By Tiffani Tang
The College’s concert band and wind ensemble honored German composition in a combined concert on Friday, April 25, in Kendall Hall.
Concert band performed first with director and conductor Marian Stewart.
The first piece was Ludwig van Beethoven’s “Military March.” As certain parts of the piece began to rise, they were stopped by quick, abrupt rests.
There were several sections where trumpets were answered by the rest of the band, but ultimately all the different instruments came together to create a larger sound at the end of piece.
The second piece, “Blessed Are They” by Johannes Brahms, started off with low, legato notes. The song rose and fell several times in dynamics and in the scale.
“The Beethoven Machine,” by Michael Colgrass, was introduced by Stewart.
“You hear this funny percussion, and the woodwinds are the children, and the brass comes in and is like ‘no,’” he said.
The piece was playful, switching between crooked mechanical notes and smoother grand sections with powerful vocal tones.
The fourth piece was “Prelude to the Third Act of the Opera Kunihild” by Cyrill Kistler. Low notes from the brass were answered by clarinets in the beginning, giving off an ominous sound.
The band rose into cymbal crashes and percussion added drum rolls in a crescendo. Several legatos were directly followed with staccatos, and the band ended in fortissimo.
It was the perfect close right before intermission started and wind ensemble took Kendall’s stage.
The first piece performed was “Passacaglia and Fugue in C Minor BWV 582” by Johann Sebastian Bach. The piece started off low, featuring one instrument, and as the song progressed, all of the other sections joined in.
Trumpets emphasized the ending before the band closed with a single note. It was clear that conductor David Vickerman, director of Bands at the College, is passionate about leading these students.
“Bach is not easy,” freshman interactive multimedia major Kathleen Fox said.
“Trauermusick WWV 73” by Richard Wagner was the second piece of the night. After a soft tone was established, six snares positioned around the theatre started a low murmur of a drum roll.
The piece was extremely cohesive, and it all sounded like one instrument was playing, with the exception of a trumpet call in the middle.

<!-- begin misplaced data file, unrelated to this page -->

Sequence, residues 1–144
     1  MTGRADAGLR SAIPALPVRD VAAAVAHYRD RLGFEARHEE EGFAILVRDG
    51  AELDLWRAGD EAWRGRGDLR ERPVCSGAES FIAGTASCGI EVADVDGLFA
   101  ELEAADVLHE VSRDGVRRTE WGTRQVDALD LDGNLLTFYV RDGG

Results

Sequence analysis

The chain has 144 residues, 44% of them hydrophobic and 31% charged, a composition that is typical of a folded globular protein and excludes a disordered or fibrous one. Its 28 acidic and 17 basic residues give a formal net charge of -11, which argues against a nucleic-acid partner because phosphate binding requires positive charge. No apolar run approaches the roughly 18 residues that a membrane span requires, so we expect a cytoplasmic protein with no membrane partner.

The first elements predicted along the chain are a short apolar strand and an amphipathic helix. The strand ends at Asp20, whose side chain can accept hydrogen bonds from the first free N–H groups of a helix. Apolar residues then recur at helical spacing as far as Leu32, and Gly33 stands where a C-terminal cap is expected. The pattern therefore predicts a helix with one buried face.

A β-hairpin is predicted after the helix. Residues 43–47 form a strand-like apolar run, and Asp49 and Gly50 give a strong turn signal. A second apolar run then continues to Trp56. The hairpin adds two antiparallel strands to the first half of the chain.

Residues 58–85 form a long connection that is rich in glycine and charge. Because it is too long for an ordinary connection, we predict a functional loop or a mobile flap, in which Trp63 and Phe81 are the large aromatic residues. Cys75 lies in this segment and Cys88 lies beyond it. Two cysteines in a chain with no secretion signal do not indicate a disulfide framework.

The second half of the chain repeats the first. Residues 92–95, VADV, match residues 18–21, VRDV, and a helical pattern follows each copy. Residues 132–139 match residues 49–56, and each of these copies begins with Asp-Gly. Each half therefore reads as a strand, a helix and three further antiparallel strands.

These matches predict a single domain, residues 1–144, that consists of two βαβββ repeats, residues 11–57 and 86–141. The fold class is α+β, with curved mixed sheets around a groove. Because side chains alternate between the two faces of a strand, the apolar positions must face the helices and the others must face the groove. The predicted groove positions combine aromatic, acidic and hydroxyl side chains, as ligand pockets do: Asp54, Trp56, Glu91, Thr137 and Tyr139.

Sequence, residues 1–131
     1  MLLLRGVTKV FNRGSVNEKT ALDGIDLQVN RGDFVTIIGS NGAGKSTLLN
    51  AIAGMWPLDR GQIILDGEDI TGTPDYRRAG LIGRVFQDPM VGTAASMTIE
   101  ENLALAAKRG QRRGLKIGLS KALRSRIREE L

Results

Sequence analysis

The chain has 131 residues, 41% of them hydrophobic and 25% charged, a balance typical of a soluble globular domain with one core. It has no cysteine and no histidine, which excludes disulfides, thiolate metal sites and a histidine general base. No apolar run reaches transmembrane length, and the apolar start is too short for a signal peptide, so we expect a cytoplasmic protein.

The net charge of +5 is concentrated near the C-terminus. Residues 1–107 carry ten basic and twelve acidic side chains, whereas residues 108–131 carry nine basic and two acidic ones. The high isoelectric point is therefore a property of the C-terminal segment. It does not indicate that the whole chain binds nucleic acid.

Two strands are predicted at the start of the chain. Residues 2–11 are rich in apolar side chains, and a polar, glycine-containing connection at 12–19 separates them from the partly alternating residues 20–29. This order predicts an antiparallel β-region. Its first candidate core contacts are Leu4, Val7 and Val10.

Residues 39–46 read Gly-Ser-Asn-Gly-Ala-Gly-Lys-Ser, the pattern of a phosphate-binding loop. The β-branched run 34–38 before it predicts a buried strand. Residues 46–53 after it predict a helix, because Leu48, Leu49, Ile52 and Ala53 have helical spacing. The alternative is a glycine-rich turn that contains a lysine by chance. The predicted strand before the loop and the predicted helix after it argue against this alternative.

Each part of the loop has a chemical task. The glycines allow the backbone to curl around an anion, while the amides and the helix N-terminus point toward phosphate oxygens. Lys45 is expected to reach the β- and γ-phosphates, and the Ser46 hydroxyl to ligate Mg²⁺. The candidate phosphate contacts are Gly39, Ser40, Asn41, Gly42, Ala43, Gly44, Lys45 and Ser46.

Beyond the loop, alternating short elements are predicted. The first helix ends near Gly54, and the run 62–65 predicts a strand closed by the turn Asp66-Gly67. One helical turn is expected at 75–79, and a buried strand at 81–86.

“Overture für Harmonimusik, Op. 24” by Felix Mendelssohn, the final piece of the night, was intended to be played by lower instruments, but the wind ensemble accomplished a solid performance full of loud percussion, staccatos, legatos and a perfect buildup to the end.
Vickerman then turned to the audience and announced an additional song dedicated to Professor Roger McKinney, who is retiring this year.
It seemed appropriate to celebrate a man who has “touched the lives of countless students.”
Richard Strauss’s “Serenade in E-flat Major,” one of McKinney’s favorites, was performed by a few select members from the ensemble.
At one point in the song, there was a buildup of horns and bassoons as the flutes and clarinets repeated what was played. There was a flute solo right before staccato notes led into one final whole note.
There was a long and loud standing ovation for this piece as McKinney approached the stage to thank the performers for the pleasant surprise.
“The wind ensemble was really, really impressive,” freshman women’s and gender studies major Mary-Elizabeth Thompson said.
It was also great for family members, teachers and friends supporting the people who worked so hard for this concert.
“We had less time to prepare (this semester),” junior music education major and wind ensemble member Manny Martinez said.
“It was really intense and it took so much. (The performers) really put their hearts in it,” Martinez said.